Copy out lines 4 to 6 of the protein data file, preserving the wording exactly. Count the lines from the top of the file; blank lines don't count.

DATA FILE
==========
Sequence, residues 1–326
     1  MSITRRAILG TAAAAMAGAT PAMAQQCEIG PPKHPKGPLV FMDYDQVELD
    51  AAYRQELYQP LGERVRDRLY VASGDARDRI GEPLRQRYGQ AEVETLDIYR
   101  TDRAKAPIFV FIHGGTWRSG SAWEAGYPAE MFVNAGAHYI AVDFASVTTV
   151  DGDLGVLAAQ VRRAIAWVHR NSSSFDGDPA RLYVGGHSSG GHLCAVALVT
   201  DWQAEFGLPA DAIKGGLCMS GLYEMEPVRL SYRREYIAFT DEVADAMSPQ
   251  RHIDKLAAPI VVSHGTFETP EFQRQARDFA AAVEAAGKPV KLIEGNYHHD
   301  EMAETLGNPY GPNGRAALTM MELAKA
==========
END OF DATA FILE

   101  TDRAKAPIFV FIHGGTWRSG SAWEAGYPAE MFVNAGAHYI AVDFASVTTV
   151  DGDLGVLAAQ VRRAIAWVHR NSSSFDGDPA RLYVGGHSSG GHLCAVALVT
   201  DWQAEFGLPA DAIKGGLCMS GLYEMEPVRL SYRREYIAFT DEVADAMSPQ